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Questionnaires for assessing doctors’ performance “reliable”

4 June 2008

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Patient and colleague questionnaires may offer a reliable method for assessing the professional performance of UK doctors, according to new research commissioned by the General Medical Council (GMC).

In a pilot study, 541 doctors were assessed by their colleagues and patients using standardised questionnaires developed by the GMC.

The patient questionnaire focused on gathering the views of patients on a doctor’s communication skills, ability to explain conditions and treatments and to involve the patient in the decision-making process.

The colleague questionnaire asked that colleagues give their views on a number of key issues such as a doctor’s clinical knowledge, teaching skills and prescribing.

A white paper on the regulation of health professionals, published in 2007, confirmed that patient and colleague questionnaires would become a key element in the revalidation of doctors in the future.

Professor John Campbell, Foundation Professor of General Practice and Primary Care at Peninsula Medical School, who led the research, said: “Only by adopting processes thoroughly grounded in research evidence can patients, society, and the medical profession have confidence in the evaluation of a doctor’s professional performance.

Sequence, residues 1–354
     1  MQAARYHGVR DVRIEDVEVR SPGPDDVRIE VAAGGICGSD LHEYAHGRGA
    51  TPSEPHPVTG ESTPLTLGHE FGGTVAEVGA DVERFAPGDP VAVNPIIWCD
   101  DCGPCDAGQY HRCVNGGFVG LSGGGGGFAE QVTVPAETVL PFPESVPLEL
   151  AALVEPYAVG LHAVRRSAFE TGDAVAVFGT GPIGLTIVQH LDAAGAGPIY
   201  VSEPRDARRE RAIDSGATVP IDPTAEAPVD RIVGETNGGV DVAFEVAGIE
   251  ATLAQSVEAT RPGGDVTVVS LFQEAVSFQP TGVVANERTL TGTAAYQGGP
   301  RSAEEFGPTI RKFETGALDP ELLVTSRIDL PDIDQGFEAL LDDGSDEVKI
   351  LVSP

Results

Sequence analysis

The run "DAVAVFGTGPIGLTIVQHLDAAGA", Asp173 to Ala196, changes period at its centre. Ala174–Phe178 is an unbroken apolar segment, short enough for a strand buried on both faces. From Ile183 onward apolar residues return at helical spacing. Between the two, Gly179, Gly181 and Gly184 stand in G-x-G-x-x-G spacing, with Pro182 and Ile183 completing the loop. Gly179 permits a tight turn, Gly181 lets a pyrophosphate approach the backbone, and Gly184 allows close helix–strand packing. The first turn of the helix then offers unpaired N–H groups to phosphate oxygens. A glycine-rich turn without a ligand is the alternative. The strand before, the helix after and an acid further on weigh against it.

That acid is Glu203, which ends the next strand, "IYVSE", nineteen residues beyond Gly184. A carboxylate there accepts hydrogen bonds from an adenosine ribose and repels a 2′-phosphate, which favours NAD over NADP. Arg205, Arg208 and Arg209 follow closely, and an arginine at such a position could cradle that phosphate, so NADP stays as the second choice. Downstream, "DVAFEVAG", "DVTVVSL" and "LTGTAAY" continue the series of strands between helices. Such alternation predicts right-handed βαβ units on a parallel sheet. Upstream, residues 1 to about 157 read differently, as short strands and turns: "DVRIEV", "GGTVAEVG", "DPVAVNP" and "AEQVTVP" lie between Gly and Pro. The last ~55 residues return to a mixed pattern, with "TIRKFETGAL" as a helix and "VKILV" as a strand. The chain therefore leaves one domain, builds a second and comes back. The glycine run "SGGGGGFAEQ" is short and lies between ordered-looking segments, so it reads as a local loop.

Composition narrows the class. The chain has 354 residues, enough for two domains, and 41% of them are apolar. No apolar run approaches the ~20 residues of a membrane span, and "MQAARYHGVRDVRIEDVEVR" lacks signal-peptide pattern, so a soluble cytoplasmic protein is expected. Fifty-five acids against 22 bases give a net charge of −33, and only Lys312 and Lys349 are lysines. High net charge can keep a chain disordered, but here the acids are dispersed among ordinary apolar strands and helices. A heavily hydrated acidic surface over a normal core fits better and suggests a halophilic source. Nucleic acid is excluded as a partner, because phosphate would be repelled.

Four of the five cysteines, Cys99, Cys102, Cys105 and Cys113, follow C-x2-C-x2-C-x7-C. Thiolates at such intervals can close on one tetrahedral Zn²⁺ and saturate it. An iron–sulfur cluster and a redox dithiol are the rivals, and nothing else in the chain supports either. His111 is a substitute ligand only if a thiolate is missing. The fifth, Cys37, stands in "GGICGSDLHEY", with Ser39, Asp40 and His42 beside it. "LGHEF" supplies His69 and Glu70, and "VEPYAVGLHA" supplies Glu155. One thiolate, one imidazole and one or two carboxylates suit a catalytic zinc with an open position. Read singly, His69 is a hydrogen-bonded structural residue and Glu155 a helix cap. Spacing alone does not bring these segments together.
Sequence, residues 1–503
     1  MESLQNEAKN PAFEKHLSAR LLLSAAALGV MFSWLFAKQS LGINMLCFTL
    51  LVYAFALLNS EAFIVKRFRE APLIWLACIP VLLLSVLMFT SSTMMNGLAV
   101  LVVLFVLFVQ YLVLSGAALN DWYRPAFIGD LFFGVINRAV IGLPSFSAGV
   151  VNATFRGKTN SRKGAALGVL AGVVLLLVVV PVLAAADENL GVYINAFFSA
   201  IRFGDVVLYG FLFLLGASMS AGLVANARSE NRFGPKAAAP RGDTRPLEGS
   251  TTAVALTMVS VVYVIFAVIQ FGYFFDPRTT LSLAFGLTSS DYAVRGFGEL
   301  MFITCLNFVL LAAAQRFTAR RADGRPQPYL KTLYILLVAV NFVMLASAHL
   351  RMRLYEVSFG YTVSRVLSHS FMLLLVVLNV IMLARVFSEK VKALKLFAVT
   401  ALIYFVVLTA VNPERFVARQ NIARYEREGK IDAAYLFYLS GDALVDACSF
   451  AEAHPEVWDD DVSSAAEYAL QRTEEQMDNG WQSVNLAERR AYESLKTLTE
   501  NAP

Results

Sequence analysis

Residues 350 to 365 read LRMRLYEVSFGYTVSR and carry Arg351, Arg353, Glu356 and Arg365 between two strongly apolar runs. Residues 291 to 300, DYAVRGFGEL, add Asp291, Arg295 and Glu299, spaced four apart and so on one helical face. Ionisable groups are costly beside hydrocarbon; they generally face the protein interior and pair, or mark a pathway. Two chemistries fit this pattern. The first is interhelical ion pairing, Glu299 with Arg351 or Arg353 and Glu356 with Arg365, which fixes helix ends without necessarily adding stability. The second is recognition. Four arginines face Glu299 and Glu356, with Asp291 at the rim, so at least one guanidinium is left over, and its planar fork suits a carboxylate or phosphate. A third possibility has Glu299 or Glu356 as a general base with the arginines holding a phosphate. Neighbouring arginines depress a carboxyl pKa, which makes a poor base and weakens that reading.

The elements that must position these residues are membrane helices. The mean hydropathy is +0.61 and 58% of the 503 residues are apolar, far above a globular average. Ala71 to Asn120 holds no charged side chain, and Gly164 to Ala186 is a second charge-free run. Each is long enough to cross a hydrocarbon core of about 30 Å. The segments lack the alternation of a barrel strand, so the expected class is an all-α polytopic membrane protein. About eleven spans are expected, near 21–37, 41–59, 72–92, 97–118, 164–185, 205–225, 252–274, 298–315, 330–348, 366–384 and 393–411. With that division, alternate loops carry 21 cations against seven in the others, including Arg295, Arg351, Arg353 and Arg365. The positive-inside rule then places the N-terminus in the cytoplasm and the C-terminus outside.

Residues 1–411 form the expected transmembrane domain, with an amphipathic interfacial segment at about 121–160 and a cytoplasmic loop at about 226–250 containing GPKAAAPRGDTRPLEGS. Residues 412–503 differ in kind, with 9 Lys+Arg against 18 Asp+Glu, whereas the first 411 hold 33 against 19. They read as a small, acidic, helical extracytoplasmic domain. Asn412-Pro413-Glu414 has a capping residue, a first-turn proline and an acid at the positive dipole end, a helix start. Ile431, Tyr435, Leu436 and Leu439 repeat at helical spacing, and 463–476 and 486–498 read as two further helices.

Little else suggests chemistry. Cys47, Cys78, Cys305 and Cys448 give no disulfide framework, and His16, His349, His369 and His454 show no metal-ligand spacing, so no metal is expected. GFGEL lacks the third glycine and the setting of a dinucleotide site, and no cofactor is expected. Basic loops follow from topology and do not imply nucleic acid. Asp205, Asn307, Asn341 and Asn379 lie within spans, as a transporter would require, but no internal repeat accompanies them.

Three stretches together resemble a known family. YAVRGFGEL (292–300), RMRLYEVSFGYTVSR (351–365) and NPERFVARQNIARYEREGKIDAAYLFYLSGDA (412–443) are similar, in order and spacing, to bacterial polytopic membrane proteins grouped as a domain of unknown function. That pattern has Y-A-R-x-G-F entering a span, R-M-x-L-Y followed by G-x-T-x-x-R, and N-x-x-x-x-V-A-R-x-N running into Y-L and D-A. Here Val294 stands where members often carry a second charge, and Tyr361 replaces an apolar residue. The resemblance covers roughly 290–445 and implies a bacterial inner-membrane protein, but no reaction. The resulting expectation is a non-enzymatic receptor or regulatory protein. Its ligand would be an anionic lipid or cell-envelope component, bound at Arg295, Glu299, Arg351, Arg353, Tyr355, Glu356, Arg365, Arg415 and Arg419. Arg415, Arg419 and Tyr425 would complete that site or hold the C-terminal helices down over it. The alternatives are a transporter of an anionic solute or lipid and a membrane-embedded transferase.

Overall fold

“This study provides that initial confidence. In line with aspirations recently expressed in the government’s white paper, Trust, Assurance and Safety, these tools appear to offer doctors the possibility that they can provide real evidence in relation to their clinical practice.”

The GMC has now commissioned the research team to undertake more in-depth testing of the questionnaires across whole organisations and in different clinical settings. The outcome of this further research piece will help underpin work on evaluating the professional practice of doctors as part of the revalidation process.

Professor Campbell added: “Our current work will provide further evidence on the utility of feedback obtained from patients and colleagues in identifying those doctors whose performance might require further scrutiny.”